• What are those sites you mentioned?

      • I subscribe to two “TV from India” streaming Internet services: YuppTV and DishWorld. DishWorld has more than half the programs and most movies with English subtitles, carrying both “Swami Mukuanand” on TVAsia and “Devo ke Dev Mahadev” with English subtitles on LifeOK. Both have a few programs on YouTube. Be sure to add “English subtitles” if you search for “Devo ke Dev Mahadev”.

        This is an article on the various Indian mythological series called "Gods on the Small Screen" (Many are on YouTube with English Subtitles):

  • I would like to echo Ed's thanks.  I was just making such compilation myself.  

  • Nice summary. Wish more folks would do this periodically for long discussions. Thanks.

  • i stare at this blank page, stumbling before it as i try to find the words to express my feelings of attachment and connection to this discussion on experiences of the sacred.  i simply do not have words for such things as they for me are mostly experiences of the divine feminine who works in symbol and image rather than words. i spend each morning pondering or at least just being present to the images from my night time dreams and daytime imagination, fantasies, not asking whys but just gazing and absorbing.  sometimes, i am so moved by this experience that i paint the symbol or  image, feeling or fantasy, while listening to quiet music.  the experience of these painting moments is one mostly of bliss.   i spend my days swimming in the eyes of others as i listen to their stories of their moments as lived right then, sometimes feeling the connection to my story in the listening.  listening to others, i find the soil we are all rooted in and am moved by the nature of us all.  evenings find me tired and allowing my body, and my connections to the warmth and tenderness of the father archetype to chew and digest the day as i practice restorative yoga positions.  i do not have words for what the morning and evening meditations consider.  i only allow the body to chew the quail provided by the father in the evening of my desert life and i gather the manna like bread left from my night dreams in the morning. i am hoping this gives you some picture of my experience of the sacred and my practice of being nourished by it all..    

  • To the Rumi quote: Who is 'we'? I don't wake up empty and frightened. As a writer I find great beauty in literature and musicality in well-wrought prose. As a storyteller I love stories; every good story leads the heroine through a moment of fear and/or loss which add to her growth as certainly as love and treasures do. Furthermore, I suck at playing the violin.

    I'm very uncomfortable with generalisations and assumptions particularly when the assumption is somewhere in the vicinity of the human spirit habitually shackled to fear and emptiness. If the intention is 'to let the beauty we love be what we do', letting go of assumption is as good a place to start as any. Intentionally dedicating time to honour the Sacred each day - well, to me, a way to honouring the sacred is to meet people; meet another  with openness, without generalising or assuming.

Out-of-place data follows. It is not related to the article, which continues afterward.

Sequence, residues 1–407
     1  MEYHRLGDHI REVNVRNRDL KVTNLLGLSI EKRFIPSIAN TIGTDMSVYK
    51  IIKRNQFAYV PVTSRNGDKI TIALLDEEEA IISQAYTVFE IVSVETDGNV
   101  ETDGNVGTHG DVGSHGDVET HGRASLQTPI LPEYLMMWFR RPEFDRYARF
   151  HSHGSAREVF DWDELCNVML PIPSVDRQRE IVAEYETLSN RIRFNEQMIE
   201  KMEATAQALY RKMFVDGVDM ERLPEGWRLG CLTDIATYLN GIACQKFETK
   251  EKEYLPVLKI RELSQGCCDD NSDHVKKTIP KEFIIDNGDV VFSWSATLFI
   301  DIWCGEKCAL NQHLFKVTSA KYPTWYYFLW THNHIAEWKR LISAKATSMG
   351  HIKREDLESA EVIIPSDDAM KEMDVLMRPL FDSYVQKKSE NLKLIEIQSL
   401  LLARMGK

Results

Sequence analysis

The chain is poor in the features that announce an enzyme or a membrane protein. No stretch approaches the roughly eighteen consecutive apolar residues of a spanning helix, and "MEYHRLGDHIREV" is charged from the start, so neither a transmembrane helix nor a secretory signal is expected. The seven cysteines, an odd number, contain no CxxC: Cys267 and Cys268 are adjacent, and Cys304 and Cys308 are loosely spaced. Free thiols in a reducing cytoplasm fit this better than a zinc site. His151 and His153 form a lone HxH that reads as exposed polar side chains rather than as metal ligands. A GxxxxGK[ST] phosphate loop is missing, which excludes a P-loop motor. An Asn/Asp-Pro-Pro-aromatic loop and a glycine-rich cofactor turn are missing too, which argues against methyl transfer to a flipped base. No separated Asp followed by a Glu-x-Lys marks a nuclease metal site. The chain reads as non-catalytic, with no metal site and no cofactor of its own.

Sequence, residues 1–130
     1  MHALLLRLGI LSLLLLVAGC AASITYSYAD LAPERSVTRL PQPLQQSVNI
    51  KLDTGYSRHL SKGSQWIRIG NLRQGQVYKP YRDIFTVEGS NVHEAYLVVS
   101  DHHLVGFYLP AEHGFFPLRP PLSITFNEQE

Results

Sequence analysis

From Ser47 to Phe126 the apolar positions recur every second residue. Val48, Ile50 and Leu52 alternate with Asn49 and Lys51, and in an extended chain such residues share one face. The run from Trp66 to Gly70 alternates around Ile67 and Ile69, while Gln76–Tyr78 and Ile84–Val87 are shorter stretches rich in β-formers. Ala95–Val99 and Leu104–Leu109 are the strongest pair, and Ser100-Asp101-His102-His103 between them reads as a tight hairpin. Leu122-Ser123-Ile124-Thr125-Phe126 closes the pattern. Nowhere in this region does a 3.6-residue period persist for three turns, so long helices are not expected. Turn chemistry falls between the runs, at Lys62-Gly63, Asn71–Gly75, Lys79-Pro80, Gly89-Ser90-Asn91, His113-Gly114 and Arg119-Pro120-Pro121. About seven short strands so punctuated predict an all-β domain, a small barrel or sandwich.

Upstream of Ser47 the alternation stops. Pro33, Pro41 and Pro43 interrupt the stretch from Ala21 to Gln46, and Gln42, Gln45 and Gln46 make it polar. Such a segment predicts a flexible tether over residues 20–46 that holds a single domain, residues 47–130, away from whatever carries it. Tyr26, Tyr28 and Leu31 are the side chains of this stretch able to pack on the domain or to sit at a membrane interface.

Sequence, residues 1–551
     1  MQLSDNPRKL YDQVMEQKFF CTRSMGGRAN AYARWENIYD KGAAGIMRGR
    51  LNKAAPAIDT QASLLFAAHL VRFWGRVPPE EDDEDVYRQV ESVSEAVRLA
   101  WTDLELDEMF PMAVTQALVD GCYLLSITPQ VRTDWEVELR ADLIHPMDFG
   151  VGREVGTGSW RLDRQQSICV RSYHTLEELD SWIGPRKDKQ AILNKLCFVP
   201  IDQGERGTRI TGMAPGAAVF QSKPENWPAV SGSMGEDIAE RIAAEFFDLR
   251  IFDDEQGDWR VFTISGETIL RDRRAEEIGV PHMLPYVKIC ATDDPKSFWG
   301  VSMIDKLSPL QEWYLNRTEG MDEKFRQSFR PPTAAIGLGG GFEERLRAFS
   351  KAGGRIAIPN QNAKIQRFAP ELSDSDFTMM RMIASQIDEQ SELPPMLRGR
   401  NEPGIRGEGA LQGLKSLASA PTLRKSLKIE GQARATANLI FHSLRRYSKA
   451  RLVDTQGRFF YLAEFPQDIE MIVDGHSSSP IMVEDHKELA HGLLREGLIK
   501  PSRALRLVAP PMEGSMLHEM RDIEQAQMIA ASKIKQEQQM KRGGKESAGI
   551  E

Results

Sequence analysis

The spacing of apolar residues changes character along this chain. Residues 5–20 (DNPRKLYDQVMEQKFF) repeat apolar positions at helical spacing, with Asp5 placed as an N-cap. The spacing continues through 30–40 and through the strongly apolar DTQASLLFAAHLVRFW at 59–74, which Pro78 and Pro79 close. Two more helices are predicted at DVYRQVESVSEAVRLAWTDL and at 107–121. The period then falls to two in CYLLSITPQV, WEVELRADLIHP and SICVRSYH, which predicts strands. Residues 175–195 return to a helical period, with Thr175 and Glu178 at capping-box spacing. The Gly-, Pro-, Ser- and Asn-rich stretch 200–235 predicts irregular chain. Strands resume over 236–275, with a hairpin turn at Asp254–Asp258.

• I'm glad someone mentioned this "empty and frightened" business.  That is also not true for me.  I'm also a fan of books as well as music.  :)

  • Rather than take for granted life in the beautiful Everglades, I pause at sunrise and sunset to gaze out across the lake behind our house at Nature's colorful show. When, after rainstorms, the egrets and herons flock to our yard, I try to consciously stop what I'm doing to watch them enjoying the outdoor insect buffet.We're fortunate to live where we do, yet after their first year here, Florida's newcomers tend to forget the beauty that surrounds us,

    Nature reminds us that we live in a larger world beyond the confines of our own thoughts, one species among many inhabiting the earth. It's both refreshing and inspiring, our personal problems seem less significant when put in perspective. 

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    • Three questions: you say "I don't practice this daily ... don't know anyone who practices it daily..." Are you saying you don't know anyone who meditates daily, who apprehends the numinous daily or what?  

      Second question, does this beyond-Buddha friend of yours have a website?  :)  

      And before you answer with the expected "no" my third more general question: what happens to all these fully evolved people that they lose all interest in writing?  Jesus, for example, didn't write a thing down.  Is this part of the requirement of "simply being ourselves" as seen from such a heightened point of view?  We have to find our own way?

      I have a friend who meditates five + hours a day, but he is as much a fan of Blake and Swedenborg as he is of Buddha, and he's also experienced possession by the Vodoun Lwa. (He is an anthropologist and the protege of Karen Brown.) So, needless to say, a very interesting guy: he hates writing. Meditates five hours a day and can't sit still to write.

      • Kerry, since this is a web site heavily weighted in Jungian psychology, Jung wrote multi-volumes, not to mention our poet who headlines this discussion. Now neither of these fashioned themselves (or were fashioned by others) as religious leaders. Of course there are a number of religious leaders who had someone else write their experiences and words down. I guess I'm not seeing the aversion to writing you speak about, except that the leader doesn't physically write things down her/himself.

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